When a member of the armed services (we’ll call this the “military member”) gets divorced, there are some special considerations for both the military member and their spouse. When children are involved, paying particular attention to how the military lifestyle has affected them and will affect the family relationships is important. Military members can be absent for long periods of time and the demands upon them even when they are home, can be challenging for the family. The emotional and social consequences for the divorcing military member and spouse can complicate recovery from the whole unpleasant process. Knowing what to expect can help both the military member and spouse better manage the process and themselves.
If spousal maintenance is to be awarded to one party in a divorce, the military member should expect that their entire income—basic pay, BAH, BAS, special duty pay (flight, jump, hazard, etc.), family separation pay will all be used to calculate income. The whole amount—before anything is deducted for taxes, will be used. The non-military spouse’s income from employment will also be calculated before any taxes are taken out. From these total amounts, the “gross monthly income” of both parties and will determined and used for calculating spousal maintenance and child support. Because the military member’s duty assignment can change and add or subtract many of the special/deployment/hazard pays, one might assume that that spousal maintenance changes each time there is a change in pay. Not true. Spousal maintenance is almost always a set amount of money for a set amount of time. Only upon extraordinary factors does it change. Child support can change anytime the calculation would vary by 10% or more—but not spousal maintenance.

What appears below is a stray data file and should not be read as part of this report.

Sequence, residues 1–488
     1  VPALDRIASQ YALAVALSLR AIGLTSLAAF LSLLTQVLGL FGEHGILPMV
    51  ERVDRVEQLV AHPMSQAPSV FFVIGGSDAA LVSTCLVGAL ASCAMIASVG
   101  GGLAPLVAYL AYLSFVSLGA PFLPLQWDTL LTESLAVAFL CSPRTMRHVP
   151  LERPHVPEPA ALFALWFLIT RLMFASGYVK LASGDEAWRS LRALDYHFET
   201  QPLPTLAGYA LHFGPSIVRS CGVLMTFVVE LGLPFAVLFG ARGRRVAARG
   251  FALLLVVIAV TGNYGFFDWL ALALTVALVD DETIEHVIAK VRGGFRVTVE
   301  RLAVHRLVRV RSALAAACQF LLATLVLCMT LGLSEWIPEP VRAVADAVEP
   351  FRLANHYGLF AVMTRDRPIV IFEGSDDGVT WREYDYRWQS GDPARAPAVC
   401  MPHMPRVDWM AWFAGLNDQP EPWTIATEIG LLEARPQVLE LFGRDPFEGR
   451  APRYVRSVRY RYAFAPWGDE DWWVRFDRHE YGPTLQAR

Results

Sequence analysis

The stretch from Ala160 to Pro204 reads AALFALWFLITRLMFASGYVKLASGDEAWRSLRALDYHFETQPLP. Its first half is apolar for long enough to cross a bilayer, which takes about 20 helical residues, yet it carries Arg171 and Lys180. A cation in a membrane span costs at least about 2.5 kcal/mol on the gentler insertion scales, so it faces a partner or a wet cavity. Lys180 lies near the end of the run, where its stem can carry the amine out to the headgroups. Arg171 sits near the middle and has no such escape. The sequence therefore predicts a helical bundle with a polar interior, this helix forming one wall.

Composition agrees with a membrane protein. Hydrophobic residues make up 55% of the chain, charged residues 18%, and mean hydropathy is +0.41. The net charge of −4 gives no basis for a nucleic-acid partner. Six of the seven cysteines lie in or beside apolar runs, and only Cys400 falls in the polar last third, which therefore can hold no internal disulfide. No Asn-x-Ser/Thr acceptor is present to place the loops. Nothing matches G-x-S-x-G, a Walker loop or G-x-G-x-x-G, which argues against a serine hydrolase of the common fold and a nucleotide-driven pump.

Military retirement earned after 20 years of creditable service, whether currently being paid or still being accrued during active duty, reserve or a combination of services, is often an emotional hot button issue. The military member who has sacrificed so much and put them self in harm’s way under difficult circumstances does not want a divorcing spouse to share in what the military member has earned. The law, however, does not agree. Federal and state law provide for the division of military retirement (not for division of medical or disability or VA disability pay) at divorce. The law recognizes the sacrifice of the spouse as well as that of the military member.